Often times, there are things in your images that you just don’t like. Trying to Clone Stamp them out and things like that can be difficult, but let’s say you could go out and photograph another window, something like that. Then, replace it in this image. This has just happened to be some images that we had from the contest, but if you went out and photographed another window, or a version with it closed, or went on a different day and photographed that, you could pretty easily replace that window with a different window.
I’m going to show you guys how to do it from a window that looks absolutely nothing like window in the actual image. I’m going to show you guys that you can still make it look pretty good. If it did look anything like the window, you could make it look very good using the same techniques.
Okay, so what I’m going to do is let’s just scale my background down a little bit. I’m going to hold down the Alt or Option key. Double-click on it, because it’s a background in this lock. If I hold Alt or Option, and double-click, it will take off the lock, and then I’m just going to scale that down, just a bit there. That’s using my Transform tools. I’m going to Command + Click on that, which turns it to Selection. Go to Image, and down here to Crop. All right, and we’ll Deselect.
Now, we did scale the image down, but we don’t scale this window up quite as far, which means you’re going to get a little bit less distortion and things like that. It’s not going to look as pixelated. Okay, how do we get this window to look like it’s this window? Well, it’s really not that hard. There are a couple of things that we want to follow. Those are basically like basic perspective rules.
On our new layer, you don’t have to do this. I’m just kind of drawing these out. These are our basic perspective guides. I’m going to just kind of follow some of these lines that are in the image and fill them with bright colors so I can see what I’m doing. I’m following these perspective lines. The blinds start here, and they go down at an angle like that. Let’s just fill that in with the area like that.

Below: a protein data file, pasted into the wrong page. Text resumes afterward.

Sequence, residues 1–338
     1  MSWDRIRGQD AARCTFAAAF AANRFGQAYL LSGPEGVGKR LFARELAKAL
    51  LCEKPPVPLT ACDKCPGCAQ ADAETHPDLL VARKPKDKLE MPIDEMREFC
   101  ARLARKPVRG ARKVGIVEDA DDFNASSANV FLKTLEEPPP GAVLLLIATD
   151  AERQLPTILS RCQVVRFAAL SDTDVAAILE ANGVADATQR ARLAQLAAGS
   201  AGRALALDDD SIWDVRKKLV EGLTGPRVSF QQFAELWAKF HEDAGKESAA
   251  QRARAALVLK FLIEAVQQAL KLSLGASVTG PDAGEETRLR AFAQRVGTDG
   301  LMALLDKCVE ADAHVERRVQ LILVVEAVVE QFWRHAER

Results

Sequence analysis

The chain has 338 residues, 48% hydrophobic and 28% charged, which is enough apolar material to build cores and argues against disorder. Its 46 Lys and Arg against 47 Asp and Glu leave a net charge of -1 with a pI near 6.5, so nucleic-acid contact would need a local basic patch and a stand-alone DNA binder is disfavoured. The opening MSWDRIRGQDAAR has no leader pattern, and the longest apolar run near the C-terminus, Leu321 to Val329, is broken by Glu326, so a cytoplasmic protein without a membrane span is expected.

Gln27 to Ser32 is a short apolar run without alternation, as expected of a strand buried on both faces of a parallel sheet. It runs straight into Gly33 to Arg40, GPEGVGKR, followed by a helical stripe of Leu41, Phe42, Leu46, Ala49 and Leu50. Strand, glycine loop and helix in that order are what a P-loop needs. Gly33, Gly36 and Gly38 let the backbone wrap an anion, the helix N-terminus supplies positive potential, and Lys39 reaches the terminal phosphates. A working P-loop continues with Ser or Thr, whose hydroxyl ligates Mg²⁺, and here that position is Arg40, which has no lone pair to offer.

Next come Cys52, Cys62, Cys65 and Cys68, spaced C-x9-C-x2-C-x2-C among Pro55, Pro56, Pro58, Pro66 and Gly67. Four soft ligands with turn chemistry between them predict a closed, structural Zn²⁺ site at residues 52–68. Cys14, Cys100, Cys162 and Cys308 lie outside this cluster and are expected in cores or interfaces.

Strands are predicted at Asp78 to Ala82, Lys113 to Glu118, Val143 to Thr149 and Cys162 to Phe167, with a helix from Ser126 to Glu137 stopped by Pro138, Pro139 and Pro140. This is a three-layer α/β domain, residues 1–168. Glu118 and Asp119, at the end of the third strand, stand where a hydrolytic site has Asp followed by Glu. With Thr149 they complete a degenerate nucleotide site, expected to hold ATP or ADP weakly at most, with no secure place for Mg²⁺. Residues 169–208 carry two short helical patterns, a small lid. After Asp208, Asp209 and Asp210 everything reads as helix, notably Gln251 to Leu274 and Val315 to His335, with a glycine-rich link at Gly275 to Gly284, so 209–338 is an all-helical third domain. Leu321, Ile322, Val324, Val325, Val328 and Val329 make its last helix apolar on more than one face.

You can see, this is basically, if you guys have ever studied perspective and things like that, that’s going to create a vanishing line. Eventually, those will go to the horizon. They’re going to connect to the horizon. Think of train tracks. They go off in the distance, and they meet in the horizon. Similar thing.
All we have to do is get this window, here, to basically line up. They’re horizontal right now, these lines, because we’re looking straight at them. We just need to make them look like they’re converging. Let’s bring the opacity down just a bit on that. I’m going to hit Command + T, which is going to bring up our Transform dialogue. We’re just going to hold down the Shift Key, making sure we’re maintaining our proportions, and I’m going to line up our edges right about there. All right, that looks pretty good. I hit Enter by accident, but you don’t have to.
Now, what we’re going to do is change our perspective. To do that, hit Command + T again, hold down the Control or the Command Key, and click on one of these corners. Then, hold down the Shift Key and hold down the Option Key. Right now, I’m holding down Shift + Option + Command. If you guys are on a PC, it’s going to be Shift + Alt + Control.
Now, we can actually just adjust our perspective, which is really, really cool. You can see … I scrolled up a little too far there. I am changing the perspective of my window. Now, also keep in mind, I can get it pretty close, but if this isn’t lining up here, I can just hold down the Control Key, and pull up one of these corners at a time. Really easily, I’m able to just kind of warp this window into a place that actually fits into the overall perspective of this image. There we go. Holding down, again, the Control or the Command Key, we’re able to just warp this around.